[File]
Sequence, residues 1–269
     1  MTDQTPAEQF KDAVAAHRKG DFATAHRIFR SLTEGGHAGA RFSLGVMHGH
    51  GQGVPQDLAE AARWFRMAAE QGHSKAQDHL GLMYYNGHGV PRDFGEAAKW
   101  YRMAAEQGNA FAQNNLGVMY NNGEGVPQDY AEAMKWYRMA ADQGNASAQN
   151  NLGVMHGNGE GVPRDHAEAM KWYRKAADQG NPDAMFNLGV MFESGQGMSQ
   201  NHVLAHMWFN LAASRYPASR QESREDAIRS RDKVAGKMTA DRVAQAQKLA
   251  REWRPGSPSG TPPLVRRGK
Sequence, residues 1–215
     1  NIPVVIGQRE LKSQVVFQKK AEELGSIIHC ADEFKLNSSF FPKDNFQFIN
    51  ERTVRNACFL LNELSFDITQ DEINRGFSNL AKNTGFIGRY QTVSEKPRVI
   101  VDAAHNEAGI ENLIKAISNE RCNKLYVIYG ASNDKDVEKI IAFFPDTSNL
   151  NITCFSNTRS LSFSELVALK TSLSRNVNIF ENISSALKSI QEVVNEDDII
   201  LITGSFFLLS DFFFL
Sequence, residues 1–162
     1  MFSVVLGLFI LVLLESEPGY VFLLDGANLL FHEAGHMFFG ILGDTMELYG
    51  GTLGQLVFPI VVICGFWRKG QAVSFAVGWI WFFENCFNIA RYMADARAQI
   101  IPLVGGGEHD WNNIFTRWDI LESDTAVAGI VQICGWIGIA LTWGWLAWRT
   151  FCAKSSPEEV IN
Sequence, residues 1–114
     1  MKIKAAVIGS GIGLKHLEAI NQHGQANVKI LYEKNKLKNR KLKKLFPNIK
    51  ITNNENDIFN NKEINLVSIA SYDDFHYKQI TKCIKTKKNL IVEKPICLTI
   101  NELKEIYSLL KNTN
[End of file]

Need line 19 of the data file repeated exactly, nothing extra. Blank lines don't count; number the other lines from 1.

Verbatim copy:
Sequence, residues 1–114